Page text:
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Speed Camera Company Sues Cleveland, Ohio
Photo ticketing vendor Xerox seeks to impose early termination fee on Cleveland, Ohio.

Photo enforcement vendors do not give up easily when cities decide that using speed cameras is not for them. Xerox, for example, recently filed suit against Cleveland, Ohio after its residents voted by an overwhelming 78 percent margin to ban the use of red light cameras and speed cameras in 2014. The photo copying giant insists that it is owed money because the automated ticketing contract does not expire until June 1, 2017. The company was only able to collect ticketing revenue for a year and a half.

In July 2013, Xerox won a contract extension to continue running Cleveland's automated ticketing machines, even though its main competitor, Redflex Traffic Systems, paid bribes to Columbus officials to take the lucrative deal away from Xerox. City officials backed off on the idea of switching vendors after the Australian company's ethical problems were exposed in Chicago, Illinois. Xerox inked the renewed deal to provide 44 red light cameras and 19 speed cameras for $3,644,040 per year. Cleveland pocketed $9 million in profit from the "cost neutral" contract that ensures Cleveland could never lose money on the cameras.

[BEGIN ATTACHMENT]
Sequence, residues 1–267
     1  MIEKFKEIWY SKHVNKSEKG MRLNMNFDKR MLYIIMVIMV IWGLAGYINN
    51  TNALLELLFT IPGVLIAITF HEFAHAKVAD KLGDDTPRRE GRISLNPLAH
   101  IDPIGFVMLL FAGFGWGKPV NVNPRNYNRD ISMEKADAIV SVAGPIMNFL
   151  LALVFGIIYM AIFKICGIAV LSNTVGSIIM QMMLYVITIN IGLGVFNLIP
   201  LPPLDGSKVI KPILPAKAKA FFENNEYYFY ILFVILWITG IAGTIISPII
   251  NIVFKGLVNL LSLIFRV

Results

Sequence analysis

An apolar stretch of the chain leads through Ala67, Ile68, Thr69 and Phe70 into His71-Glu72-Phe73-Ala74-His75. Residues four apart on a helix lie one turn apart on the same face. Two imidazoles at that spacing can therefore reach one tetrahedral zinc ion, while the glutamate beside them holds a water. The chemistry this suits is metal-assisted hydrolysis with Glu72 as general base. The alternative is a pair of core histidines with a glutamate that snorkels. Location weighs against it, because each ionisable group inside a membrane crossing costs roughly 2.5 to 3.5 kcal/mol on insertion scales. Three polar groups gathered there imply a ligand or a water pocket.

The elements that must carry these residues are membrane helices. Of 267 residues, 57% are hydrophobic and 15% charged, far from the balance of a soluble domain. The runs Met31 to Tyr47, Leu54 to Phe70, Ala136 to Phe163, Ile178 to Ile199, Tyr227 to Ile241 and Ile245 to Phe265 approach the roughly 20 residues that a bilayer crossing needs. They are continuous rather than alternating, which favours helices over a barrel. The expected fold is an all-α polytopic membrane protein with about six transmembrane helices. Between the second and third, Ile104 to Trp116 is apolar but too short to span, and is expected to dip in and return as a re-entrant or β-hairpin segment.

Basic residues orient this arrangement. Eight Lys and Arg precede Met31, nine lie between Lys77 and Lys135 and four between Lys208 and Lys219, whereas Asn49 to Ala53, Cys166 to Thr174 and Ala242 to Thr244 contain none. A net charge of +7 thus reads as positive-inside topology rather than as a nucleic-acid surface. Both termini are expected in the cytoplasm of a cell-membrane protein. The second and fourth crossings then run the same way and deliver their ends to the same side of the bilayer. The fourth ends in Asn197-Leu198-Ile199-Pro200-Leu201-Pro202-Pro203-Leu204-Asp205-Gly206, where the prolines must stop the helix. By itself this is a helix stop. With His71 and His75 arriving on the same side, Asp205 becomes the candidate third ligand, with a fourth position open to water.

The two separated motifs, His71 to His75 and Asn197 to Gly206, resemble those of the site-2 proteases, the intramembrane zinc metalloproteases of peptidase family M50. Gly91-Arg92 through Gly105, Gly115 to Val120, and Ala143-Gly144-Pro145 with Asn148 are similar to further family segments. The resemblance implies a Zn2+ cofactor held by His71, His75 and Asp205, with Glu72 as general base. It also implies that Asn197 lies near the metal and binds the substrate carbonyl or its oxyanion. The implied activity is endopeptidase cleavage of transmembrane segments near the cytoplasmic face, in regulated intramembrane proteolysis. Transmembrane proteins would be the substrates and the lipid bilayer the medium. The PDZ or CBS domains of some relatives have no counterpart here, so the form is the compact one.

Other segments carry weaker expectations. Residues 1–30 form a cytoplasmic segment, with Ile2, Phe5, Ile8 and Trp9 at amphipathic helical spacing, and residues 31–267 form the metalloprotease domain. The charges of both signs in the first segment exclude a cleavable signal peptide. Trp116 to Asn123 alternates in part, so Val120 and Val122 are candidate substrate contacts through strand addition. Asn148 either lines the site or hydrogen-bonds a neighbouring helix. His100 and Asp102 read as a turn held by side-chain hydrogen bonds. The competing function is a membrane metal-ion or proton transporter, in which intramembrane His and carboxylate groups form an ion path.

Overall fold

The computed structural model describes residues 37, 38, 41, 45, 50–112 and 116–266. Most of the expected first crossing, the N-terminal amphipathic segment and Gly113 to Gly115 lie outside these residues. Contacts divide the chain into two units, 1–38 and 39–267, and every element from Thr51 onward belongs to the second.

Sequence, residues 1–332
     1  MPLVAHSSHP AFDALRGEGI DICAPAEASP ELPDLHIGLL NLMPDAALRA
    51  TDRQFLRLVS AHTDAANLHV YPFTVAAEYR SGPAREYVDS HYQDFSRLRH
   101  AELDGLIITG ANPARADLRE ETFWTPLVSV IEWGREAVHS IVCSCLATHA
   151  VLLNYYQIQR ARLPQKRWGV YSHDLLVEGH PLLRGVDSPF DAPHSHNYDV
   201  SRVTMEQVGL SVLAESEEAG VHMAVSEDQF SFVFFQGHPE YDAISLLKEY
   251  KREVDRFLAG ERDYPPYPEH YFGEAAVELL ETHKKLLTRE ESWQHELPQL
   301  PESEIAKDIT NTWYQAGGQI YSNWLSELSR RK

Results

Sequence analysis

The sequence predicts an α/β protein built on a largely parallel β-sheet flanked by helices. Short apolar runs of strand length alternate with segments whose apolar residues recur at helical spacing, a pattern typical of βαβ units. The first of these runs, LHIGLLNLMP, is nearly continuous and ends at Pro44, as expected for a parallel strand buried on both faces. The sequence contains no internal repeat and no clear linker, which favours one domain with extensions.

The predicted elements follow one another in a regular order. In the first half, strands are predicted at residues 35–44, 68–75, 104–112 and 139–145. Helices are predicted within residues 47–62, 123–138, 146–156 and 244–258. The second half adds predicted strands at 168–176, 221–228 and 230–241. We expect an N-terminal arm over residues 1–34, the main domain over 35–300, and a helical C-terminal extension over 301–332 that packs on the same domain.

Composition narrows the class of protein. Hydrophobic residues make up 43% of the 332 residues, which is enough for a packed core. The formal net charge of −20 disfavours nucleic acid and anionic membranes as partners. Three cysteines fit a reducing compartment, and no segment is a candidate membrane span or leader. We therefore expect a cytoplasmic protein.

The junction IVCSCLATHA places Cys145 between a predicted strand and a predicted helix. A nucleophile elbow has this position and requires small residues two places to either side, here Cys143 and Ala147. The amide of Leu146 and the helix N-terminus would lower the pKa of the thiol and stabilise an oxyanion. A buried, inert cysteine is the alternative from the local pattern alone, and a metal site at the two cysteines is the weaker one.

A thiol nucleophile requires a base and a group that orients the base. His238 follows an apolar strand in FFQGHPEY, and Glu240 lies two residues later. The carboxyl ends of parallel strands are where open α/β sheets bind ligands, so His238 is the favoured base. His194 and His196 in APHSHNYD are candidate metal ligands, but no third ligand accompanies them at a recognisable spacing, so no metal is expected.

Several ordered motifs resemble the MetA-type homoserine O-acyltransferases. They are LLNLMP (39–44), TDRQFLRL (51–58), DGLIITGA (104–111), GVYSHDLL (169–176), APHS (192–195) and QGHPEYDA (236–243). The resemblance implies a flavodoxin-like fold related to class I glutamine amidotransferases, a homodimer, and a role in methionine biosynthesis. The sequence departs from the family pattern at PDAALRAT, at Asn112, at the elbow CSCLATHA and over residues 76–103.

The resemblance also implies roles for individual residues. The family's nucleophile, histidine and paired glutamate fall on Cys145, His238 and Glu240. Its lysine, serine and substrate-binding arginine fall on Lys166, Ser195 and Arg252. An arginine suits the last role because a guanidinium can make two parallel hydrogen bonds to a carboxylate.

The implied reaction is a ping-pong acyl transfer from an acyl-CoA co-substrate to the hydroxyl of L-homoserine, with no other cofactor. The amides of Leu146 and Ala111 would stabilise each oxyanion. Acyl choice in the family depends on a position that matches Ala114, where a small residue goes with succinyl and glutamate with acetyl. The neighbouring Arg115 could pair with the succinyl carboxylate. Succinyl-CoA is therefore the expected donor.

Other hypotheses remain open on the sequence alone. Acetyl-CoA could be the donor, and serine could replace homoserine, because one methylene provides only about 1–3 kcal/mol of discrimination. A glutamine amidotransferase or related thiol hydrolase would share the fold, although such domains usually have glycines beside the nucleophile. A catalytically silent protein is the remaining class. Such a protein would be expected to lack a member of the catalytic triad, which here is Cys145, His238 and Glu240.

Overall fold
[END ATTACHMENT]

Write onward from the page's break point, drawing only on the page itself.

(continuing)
When the voters decided to oust the cameras, Cleveland decided to make the most of that "revenue neutral" provision by not canceling the contract -- avoiding the early termination fee that would have been based on lost ticketing revenue. Xerox insists that the terms of the contract require its monthly fee be paid out of the $9 million profit the city had accumulated when the cameras were operational.

"The city appears to believe that the license and services agreement no longer requires payment because the city has decided to discontinue using the cameras, and thus no longer raises revenue from their use," Xerox corporate counsel Wes Wadle wrote. "The city has accumulated a large surplus from the revenues it has generated under the traffic enforcement program, and considerably more than is needed to continue paying Xerox's monthly fee under the license and services agreement... The city may terminate the contract for convenience -- for a fee. But it has not done so. Thus, the city has no basis to discontinue its obligation to pay Xerox."

Xerox also points out in its lawsuit that the contract's force majeure clause allows for termination of the contract if the federal or state government bans the use of automated ticketing machines. No provision was made in the clause for a local ballot referendum. Cleveland officials must respond to the suit by October 26.

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